Now after a year I am doing 60 mile rides more regularly. Just give yourself time to build it up - if you push to hard you will loose the motivation. As for cost savings - hmmm I may save £9 a day in travel but I seem to spend more than that on new bikes and kit now (I have the bug). Just make sure you have the right kit (lycra under baddies generally does the trick) - but invest in proper cycling gear in the mid price range, it will make it more enjoyable in the long run.

    Make sure you carry a saddle bag or something with inner tube, gas tyre inflater - one or two tyre leavers some latex gloves, a few of the most used hex keys - esp for saddle adjustments when you start off and some cash - enough for a taxi if something goes wrong!

    Just enjoy it. It beats the crud out of being squashed in a train with someone suffering from flu or being stuck in a traffic jam.
  • AzharAzhar Posts: 247
    Thanks again, some really really good advice. I think where i am at the moment, fitness wise, is that i can do 5/6 miles and no more after that, legs turn jelly at slightest incline. i suppose once i;;ve got to ten miles then i should be able to do the whole route at a push. i think the only i need to practice is how to fix a puncture. i've done it before in the past but my the small pump i have doesnt seem to be really effective compared to the bigger one i have. i need to go out and stock some inner tubes though. anyway...from the general advice i'm reading it just sounds like i just need to build up. i think the one thing thats going to motivate me most is saving £150p/m on fuel. i could use half that money to buy me some bike clothing gear to last me several months. :D on google maps when i map out the route i'm going to be using it looks absolutely long but i suppose in reality it wont be too bad. :D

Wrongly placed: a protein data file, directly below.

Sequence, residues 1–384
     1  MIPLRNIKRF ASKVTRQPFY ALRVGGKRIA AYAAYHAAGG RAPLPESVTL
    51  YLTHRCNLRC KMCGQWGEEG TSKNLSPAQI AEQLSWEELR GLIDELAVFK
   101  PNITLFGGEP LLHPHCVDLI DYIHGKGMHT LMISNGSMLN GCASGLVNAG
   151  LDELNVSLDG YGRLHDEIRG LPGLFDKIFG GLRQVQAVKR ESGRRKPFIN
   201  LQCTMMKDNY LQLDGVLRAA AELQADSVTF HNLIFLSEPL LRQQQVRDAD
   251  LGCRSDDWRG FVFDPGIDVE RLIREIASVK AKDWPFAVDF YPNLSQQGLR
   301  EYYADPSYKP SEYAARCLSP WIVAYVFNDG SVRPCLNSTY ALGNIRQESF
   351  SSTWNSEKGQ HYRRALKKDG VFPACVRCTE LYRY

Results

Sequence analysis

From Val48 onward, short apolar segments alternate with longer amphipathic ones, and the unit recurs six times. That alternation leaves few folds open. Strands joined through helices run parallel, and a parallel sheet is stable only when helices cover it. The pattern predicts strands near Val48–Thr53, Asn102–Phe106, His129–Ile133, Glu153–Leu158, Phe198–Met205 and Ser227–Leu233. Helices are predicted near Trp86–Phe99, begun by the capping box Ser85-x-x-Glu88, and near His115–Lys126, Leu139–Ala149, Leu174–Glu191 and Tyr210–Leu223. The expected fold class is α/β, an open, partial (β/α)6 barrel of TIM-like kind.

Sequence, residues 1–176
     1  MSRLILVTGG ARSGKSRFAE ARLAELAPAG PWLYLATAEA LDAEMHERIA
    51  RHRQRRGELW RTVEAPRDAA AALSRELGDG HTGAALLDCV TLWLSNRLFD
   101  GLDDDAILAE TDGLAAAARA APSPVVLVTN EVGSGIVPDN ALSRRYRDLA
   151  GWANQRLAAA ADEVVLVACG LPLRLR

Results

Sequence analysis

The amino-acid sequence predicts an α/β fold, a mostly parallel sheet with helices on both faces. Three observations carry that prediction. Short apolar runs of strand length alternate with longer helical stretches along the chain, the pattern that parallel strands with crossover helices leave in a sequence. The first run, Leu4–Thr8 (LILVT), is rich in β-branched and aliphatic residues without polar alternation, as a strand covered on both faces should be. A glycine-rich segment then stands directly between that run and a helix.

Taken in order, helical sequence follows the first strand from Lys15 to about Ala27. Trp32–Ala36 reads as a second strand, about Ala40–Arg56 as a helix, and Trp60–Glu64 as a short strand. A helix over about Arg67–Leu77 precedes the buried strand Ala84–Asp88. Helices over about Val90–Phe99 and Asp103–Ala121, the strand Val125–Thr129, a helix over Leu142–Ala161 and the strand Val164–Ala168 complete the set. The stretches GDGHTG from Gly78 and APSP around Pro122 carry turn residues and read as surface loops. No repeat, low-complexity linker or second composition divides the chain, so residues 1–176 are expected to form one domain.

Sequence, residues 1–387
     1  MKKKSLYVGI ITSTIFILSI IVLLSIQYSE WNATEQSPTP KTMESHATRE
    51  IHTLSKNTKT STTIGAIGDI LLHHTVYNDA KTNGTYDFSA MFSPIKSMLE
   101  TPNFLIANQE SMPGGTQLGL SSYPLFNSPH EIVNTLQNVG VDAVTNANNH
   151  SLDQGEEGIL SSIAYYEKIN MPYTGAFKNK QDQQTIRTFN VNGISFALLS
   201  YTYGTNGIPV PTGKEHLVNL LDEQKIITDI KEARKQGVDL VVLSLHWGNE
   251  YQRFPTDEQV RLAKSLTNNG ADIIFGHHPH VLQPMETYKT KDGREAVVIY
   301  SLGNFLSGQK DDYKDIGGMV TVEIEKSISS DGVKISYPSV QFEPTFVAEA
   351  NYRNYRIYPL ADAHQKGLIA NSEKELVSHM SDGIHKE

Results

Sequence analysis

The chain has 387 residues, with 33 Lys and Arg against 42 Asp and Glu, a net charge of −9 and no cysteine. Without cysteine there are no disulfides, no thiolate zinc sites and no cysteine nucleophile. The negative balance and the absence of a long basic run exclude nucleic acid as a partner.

i think what i might also do, as one of the advice above mentioned, is to do the whole 16 miles to drum it in to my head that i can do this, even if it takes me a while to do so. great advice about the psychology part of biking "past the zebra crossing its going to level out or go downhill". i suppose breaking up the route in that sense will help me get to work without trying to think about too much about how far it is.